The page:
Have you ever wondered how design and research fit into the greater production timeline at Amazon?
Well, we were able to grab some time with Sarah Chaussee, Senior UX Designer on the TRX team (Transportation and Recipient Experience), which is a design team that falls under the Amazon Transportation Services (ATS) umbrella. In our chat, we connected with her and her two cross-functional peers on ATS, Sammy Ghorbanian (Sr. Product Manager) and Patrick Krile (Software Development Manager) to discuss their experience around the intersection of design and product development.
TRX builds the mechanisms and support systems that send Amazon products all around the world (from carriers, to shippers, to drivers, and transportation system operators); all while providing the best-in-class services we strive for as the most-customer centric company.
Sammy (product manager) discussed how she partners with Amazon’s TRX research team to monitor customer problems and identify unique ideas to help set direction. Sometimes these partnerships come together and provide solutions to problems that customers may not even realize are a challenge. Sammy believes that research teams are most effective when all roles in a product building team; UX, research, engineering and product come together to put the customer at the center and build a product that is beneficial for them.
We need to look at the problem from all angles to make sure what we end up building is right for the customer, grounded in their experience -Sammy Ghorbanian
Sammy brought up the concept of looking at the partnership as a three leg stool of product, design, and engineering, which affords a holistic product for the customer.
When we asked Patrick (software engineering) to share his perspective on what value design brings to the engineering space, he explained that “we’re able to build software that’s actually pleasing to the customer when we build things that people actually can use, and want to use.” The panel agreed that the research and collaboration they’ve practiced across each of their unique functions has provided a unique mechanism to solve complex customer problems.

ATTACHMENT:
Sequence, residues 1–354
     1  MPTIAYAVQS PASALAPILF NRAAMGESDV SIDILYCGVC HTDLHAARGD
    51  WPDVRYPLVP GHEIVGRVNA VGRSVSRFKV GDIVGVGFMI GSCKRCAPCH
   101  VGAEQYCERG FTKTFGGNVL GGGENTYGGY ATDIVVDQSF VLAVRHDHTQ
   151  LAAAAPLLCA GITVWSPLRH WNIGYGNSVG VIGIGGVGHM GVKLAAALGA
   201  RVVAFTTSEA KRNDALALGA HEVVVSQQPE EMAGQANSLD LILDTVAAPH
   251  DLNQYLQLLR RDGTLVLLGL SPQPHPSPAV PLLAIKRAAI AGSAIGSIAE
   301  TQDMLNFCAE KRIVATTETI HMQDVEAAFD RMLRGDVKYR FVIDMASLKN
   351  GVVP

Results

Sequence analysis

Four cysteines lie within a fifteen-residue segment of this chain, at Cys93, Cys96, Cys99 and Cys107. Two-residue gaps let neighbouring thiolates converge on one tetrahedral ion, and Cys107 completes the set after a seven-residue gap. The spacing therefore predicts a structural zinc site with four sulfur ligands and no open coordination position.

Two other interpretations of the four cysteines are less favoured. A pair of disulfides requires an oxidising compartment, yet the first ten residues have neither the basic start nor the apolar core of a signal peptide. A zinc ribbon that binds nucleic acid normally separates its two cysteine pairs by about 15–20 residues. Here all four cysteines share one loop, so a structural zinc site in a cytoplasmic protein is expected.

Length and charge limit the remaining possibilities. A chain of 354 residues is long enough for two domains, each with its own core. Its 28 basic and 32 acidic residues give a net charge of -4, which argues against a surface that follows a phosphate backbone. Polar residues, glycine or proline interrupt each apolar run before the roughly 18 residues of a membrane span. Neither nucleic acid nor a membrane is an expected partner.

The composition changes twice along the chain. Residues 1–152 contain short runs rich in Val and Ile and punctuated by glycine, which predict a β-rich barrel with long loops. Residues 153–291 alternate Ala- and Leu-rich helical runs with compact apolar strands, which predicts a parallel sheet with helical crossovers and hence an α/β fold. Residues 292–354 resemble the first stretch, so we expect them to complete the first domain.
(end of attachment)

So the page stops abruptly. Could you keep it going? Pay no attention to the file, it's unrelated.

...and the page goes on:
Patrick expressed that engineers work more efficiently and effectively when they have a clear understanding about the specific problem they’re building a solution for. They’re enabled to build a customer obsessed and meaningful product. This understanding comes from the quality and depth of the research conducted.
The collaboration isn’t something unique to the cross-functional disciplines at Amazon, but it also shows up within singular verticals. Sarah (TRX UX designer) ended the conversation by sharing “one thing that I really love about the design community at Amazon is the amount that people are willing to share.” She went on to describe how people are constantly running into problems that others may have already met, and her experiences has been filled with meeting others that will quickly share files, workflows, and research in the hopes that it can be applied to broader problem areas.
Amazon’s TRX designers apply design thinking to the real world and shape emerging businesses. They are truly involved in the shaping of inventions that address and solve unique customer problems.
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